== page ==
Clinically reviewed by Dr. Chris Mosunic, PhD, RD, CDCES, MBA

How to check in on your teen’s mental health in a way that doesn’t annoy them

By Kells McPhillips

If there’s a teen under your roof, you’ve probably heard countless variations of the phrase, “You’re annoying me!” When it comes to asking young adults about their mental health and well-being, some approaches may elicit irritation more quickly than others, says clinical social worker Jami Dumler, LCSW, who works with Thriveworks in Pennsylvania. When you sit down to have a chat with your teen, it’s critical to have a strategy and intention.

“Teens often feel ‘annoyed’ by their parents based on timing and approach,” says Dumler. “Approaches that involve lecturing, ‘talking down’ to, or ‘should’ language will often lead to those infamous teen eye rolls and annoyed facial expressions as well as tuning out or giving a negative response.”

Choosing the proper setting for your talk with a teenager will likely determine how well the conversation goes. So, below, Dumler offers a step-by-step approach to asking a teenager: “How are you doing?” Plus, a few practices to avoid so you don’t end up hearing that all-too-common phrase: “Stop being so annoying!”

Your 6-step guide for asking a teen about their mental health in a non-annoying way

1. Pick the right time and setting carefully

“Trying to approach a teen when they're sending clear body language or verbal cues that they don't want to talk, when they're locked in on their phone or other activities, in rushed moments, or when others are present are all timing mistakes commonly resulting in an annoyed teen,” says Dumler. Instead of approaching them in these moments, look out for a window when they’re not distracted and time isn’t an issue. “A great approach in timing is talking to your teen while engaging in an activity they enjoy - listening to their favorite new artist, taking a walk, throwing around the football, or cooking their favorite meal,” says Dumler.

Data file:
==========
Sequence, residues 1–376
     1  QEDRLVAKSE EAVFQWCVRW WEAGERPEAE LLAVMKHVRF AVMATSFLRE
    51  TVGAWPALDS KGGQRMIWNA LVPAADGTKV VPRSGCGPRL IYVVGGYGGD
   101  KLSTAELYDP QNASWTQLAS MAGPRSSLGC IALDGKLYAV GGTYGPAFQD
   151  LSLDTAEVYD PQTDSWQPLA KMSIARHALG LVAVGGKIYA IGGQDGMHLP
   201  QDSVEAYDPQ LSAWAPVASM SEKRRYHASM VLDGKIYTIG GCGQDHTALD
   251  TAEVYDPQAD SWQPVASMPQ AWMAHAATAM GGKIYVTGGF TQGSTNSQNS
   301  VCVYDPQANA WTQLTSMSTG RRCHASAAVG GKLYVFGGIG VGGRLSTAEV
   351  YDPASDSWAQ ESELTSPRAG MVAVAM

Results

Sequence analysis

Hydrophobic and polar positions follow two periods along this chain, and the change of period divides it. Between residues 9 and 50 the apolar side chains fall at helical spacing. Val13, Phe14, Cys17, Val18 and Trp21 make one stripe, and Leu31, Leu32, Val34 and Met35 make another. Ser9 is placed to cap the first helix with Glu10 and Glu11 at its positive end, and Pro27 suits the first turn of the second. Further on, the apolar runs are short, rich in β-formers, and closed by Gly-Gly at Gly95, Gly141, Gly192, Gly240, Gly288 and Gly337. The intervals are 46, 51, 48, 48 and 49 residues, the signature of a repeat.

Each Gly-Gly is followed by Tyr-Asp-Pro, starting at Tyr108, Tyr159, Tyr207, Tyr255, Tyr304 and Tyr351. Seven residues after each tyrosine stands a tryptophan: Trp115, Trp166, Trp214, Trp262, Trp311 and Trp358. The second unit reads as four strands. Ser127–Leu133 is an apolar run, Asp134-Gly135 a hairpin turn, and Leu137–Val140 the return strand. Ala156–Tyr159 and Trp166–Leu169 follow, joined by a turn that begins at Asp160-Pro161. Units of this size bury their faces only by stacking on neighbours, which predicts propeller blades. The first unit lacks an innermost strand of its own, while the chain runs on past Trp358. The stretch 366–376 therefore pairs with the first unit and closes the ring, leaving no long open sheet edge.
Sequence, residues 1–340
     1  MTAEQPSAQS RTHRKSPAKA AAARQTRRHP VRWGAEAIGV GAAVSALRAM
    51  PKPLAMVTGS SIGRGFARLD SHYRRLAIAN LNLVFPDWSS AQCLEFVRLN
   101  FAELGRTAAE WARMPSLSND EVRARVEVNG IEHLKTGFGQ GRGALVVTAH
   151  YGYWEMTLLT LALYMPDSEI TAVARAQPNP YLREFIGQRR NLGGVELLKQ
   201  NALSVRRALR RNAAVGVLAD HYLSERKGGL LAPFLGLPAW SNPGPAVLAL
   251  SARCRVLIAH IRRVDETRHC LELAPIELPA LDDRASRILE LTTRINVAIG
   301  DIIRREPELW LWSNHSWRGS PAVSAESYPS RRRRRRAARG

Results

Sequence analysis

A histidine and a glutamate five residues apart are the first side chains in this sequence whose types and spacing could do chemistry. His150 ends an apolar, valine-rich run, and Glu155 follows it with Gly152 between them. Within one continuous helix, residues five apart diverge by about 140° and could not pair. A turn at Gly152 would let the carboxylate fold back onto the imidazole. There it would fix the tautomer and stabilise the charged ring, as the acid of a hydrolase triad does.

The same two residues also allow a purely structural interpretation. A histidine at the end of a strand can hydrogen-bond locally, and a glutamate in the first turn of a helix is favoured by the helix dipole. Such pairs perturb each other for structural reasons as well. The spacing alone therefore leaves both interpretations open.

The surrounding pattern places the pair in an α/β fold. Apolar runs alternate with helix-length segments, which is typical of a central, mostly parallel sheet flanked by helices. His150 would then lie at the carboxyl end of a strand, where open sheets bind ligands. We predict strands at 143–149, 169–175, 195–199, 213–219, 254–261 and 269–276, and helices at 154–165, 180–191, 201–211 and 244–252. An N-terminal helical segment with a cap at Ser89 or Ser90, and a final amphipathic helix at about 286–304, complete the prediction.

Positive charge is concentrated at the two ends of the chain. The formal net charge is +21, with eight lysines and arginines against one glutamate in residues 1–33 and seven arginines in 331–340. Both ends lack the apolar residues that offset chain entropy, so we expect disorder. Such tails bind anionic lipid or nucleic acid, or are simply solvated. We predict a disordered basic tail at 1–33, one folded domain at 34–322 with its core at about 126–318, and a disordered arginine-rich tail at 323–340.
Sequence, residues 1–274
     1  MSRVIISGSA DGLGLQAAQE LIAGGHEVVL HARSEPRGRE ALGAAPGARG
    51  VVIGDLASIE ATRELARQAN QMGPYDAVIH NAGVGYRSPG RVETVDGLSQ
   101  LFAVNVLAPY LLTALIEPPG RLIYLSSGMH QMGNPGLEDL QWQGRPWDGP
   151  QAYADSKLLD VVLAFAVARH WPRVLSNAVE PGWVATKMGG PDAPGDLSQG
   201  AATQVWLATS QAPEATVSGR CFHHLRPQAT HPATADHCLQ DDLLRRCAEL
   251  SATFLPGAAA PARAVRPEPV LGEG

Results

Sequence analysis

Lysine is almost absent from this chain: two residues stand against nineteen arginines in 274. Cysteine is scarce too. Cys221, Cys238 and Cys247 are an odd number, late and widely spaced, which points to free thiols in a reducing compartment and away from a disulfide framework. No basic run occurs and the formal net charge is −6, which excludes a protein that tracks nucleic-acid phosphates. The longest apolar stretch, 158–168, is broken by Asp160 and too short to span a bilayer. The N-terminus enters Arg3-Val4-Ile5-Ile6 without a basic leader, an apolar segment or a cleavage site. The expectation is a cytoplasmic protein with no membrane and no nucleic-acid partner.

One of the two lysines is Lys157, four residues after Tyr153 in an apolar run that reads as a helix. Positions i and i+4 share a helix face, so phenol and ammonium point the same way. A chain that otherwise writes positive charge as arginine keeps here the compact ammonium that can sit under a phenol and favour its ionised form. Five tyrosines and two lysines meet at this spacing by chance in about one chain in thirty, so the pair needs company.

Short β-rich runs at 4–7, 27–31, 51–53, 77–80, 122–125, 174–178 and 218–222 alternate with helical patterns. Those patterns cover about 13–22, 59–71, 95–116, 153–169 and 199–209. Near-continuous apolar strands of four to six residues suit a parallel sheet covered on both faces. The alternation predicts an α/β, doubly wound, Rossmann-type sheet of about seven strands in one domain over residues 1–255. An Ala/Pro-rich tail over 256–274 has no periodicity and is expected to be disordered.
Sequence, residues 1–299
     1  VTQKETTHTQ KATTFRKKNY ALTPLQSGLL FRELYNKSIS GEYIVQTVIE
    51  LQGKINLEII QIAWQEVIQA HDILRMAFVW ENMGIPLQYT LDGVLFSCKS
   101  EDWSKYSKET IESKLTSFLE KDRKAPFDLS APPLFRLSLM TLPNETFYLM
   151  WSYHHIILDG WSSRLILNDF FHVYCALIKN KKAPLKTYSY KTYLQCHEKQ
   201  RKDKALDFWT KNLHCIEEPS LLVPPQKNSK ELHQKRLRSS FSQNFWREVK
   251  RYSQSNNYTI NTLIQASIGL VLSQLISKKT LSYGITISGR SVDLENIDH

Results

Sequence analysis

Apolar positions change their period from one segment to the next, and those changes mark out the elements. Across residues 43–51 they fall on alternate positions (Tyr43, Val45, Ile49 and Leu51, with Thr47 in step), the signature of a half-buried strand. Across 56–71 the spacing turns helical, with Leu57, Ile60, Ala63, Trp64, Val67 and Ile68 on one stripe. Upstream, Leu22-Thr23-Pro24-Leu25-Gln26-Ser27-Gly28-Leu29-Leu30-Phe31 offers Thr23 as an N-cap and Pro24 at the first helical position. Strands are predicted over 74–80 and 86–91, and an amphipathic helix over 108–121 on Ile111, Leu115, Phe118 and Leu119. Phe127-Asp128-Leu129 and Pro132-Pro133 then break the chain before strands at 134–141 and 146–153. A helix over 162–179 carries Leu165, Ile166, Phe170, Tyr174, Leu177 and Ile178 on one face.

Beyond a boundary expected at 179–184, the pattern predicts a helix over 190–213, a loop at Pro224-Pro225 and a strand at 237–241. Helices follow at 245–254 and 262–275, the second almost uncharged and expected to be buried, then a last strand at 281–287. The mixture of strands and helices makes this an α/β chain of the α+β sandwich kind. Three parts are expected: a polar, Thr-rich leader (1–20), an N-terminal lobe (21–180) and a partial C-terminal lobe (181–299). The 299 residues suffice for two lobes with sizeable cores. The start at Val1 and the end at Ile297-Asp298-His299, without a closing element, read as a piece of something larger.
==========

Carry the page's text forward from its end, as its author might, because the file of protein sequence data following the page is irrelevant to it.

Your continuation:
It’s also important to check in and ask yourself: Am I in a good place to have this conversation right now? Do I feel equipped to be an active listener? Am I stressed or unprepared for an exchange with my teen?

2. Ask if your teen has time to talk before you start talking

Once you’ve found the right time (not the perfect time) and backdrop for your conversation, you still need to get your teen’s okay before you dive into the conversation. Say something like: “Hey, I wanted to talk to you about something I've been noticing. Is now an okay time?”

3. Practice active listening as you navigate the conversation

“Start by sharing your observations, without judgment and with open curiosity, in a sincere manner, such as, ‘I've noticed you haven't been hanging out with your friends as much lately, I'm wondering what's going on there?’” says Dumler. “As your teen shares, be very mindful that your body language, responses, and follow-up questions are calm, kind, genuine, and curious.”